From: 32tom Sent: 5/17/2004

The best spot for the frame to hose connection is the spot where the final wheel and tire selection can't rub against it. Turn the tire lock to lock.

I prefer to buy the pre flared pieces that are at least a foot longer than my rough measurements. Mount the components where they fit and work the best instead of where the tube ends up. I buy extra inverted flare fittings and replace the one ugly long fitting on each piece. (why do they do that?) The coil stuff works but it's hard to get it sraight enough for a proffesional looking job. You can try rolling it out in the crotch of a piece of angle iron.

I've used one of those cheap double flaring tools for years. (I lube the threads on the cone wedge). Ream the cut end. Clamp the long end of the tool in the vice. Carefully set the end of the tube above the face of the tool with the button in the kit. Tighten the wing nuts with a pair of pliers. Start the flare with the button and the remove it and finish the flare. After you finish the double flare get a new piece, make another just like it. This time remember to put the fitting on before you flare it. Anybody that hasn't done that is either very lucky or lying.

The best reasonably priced bender that I have found is the Robinair mdl# 14528. Clamp the fixed handle in a vice and pull the hinged handle around the form to get perfect bends.

Maybe over kill but, I like to lightly buff the finished tubes with a scotch bright pad from the kitchen. Then some spray bomb clear to keep the weather off for few more years.

For me it's one of the most rewarding jobs when doing a car. Take your time. Then step back and enjoy your craftsmanship.

Sorry if I got long winded. I tried to include most of the tips I've picked up over the years.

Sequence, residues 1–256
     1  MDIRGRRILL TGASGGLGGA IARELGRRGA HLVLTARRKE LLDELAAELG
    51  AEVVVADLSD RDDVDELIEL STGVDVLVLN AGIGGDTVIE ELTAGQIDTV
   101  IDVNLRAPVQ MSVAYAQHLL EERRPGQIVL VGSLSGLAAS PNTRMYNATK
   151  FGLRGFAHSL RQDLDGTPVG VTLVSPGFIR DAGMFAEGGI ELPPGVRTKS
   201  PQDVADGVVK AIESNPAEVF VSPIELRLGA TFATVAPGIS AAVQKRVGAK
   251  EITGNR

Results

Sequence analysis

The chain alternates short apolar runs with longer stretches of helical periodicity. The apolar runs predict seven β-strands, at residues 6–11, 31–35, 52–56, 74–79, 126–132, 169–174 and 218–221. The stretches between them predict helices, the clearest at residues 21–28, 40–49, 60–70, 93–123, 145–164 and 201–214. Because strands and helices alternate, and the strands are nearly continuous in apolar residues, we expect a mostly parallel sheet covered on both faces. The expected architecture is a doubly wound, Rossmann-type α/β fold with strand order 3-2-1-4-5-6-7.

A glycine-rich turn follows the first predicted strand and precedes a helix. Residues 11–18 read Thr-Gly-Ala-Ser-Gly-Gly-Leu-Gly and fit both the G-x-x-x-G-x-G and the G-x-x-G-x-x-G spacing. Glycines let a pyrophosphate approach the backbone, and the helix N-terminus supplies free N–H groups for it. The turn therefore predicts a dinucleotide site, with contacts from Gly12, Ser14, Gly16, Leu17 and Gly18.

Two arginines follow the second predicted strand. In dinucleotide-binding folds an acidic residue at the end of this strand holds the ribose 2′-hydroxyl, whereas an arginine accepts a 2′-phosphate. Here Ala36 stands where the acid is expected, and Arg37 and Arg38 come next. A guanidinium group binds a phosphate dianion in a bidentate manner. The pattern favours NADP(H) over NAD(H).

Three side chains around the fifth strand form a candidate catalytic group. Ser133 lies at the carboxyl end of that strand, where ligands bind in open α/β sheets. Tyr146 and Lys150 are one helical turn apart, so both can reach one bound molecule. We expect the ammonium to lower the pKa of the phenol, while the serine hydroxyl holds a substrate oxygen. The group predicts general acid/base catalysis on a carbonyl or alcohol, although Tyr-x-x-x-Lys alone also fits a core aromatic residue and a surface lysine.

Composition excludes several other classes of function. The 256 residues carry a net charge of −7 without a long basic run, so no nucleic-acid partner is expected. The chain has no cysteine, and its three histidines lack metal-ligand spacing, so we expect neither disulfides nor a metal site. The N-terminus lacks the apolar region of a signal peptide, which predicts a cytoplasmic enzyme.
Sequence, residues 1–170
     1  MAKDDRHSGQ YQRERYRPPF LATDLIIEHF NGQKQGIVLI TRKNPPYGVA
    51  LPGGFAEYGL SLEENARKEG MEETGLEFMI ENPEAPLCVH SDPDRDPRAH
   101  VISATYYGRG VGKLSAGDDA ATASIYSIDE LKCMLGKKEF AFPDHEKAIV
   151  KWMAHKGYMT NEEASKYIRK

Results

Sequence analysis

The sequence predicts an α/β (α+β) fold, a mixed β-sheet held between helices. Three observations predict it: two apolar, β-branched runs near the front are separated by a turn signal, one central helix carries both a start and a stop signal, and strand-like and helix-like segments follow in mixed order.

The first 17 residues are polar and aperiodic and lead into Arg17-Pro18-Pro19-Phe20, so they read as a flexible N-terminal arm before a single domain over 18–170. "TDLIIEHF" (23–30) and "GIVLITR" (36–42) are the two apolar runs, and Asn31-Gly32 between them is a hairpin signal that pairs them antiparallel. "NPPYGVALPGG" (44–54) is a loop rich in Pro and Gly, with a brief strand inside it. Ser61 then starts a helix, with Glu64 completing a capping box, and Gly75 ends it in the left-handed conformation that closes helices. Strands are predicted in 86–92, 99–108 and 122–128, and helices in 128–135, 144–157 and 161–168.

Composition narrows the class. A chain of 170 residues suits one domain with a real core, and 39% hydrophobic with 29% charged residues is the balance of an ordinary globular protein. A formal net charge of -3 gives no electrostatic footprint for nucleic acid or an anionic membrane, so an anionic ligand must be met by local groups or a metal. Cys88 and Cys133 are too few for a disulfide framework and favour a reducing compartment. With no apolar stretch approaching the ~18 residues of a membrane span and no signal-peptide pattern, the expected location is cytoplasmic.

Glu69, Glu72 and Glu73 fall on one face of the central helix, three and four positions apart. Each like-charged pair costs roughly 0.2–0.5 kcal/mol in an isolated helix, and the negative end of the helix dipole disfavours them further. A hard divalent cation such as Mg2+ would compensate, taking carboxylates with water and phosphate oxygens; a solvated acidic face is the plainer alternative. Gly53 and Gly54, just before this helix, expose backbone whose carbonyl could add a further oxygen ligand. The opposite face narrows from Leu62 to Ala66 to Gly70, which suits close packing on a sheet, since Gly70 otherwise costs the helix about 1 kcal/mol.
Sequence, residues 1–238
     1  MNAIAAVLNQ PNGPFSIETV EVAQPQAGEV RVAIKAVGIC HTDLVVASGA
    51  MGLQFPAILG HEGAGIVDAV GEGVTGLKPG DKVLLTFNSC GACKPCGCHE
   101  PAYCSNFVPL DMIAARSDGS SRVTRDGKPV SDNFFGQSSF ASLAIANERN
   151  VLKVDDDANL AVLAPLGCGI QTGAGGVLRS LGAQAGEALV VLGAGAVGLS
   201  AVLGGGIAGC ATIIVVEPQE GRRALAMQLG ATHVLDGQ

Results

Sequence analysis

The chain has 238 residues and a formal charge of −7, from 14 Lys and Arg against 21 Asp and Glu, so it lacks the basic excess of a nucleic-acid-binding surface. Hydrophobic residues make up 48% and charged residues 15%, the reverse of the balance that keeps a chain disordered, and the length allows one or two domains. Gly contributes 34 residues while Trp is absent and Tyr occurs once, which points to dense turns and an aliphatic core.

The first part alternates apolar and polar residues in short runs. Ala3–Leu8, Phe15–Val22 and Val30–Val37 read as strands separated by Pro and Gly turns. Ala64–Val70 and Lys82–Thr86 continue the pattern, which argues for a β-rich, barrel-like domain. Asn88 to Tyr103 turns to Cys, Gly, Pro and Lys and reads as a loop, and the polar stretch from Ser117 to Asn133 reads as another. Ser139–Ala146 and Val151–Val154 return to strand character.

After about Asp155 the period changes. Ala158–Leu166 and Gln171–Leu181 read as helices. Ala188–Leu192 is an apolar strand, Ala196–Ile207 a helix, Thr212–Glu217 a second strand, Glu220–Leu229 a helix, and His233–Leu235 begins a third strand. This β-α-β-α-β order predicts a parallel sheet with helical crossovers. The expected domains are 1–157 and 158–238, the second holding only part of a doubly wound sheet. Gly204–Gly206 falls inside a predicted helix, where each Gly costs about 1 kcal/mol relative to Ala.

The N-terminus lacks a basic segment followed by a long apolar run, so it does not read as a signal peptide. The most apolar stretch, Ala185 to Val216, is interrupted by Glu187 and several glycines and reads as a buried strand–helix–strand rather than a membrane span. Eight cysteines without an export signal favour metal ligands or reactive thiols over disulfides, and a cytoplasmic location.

From: mr bill Sent: 5/17/2004

Most through frame fittings I have seen are for a boxed frame. If you are not going to do that you can drill a hole in the frame and use the std female brake fitting that uses the clip. I found my '38 frame to be the perfect thickness so the clip holds pefectly. Put the end of the fitting through the hole and slide on the clip. Then you can use the std rubber brake lines depending on what typ of brakes you are using. I will tell you that if I had to do it all over again I would weld on a tab to the frame to hold the brake line instead of going through the frame. It would be a lot less difficult to get at the fittings if you need to work on the brakes.


From: steve'36 Sent: 5/17/2004

The front hoses end on "brackets" that bolt to the frame and secure the tube end with "spring clips" and run the line through the bottom of the inner fender well to a Tee just inside. I slotted the fender well so it dropped over the tube and welded on a "U" shaped reinforcement since I was getting close to the louvers. The supply tube runs on top of the frame and there is a crossover tube on the front crossmember. This is similat to the "stock" setup. Steve


From: steve'36 Sent: 5/18/2004

Method for straightening coiled tubing: This is what the pipefitters do. Roll out a long length of tubing on the floor. Attach one end to an imovable object. Attach the other end to a cable or chain puller (come-a-long)connected to another imovable object. Pull the tubing until it stretches slightly. It will now be very straight. Cut to desired lengths.Discard the damaged end pieces. Steve


Return to Home Index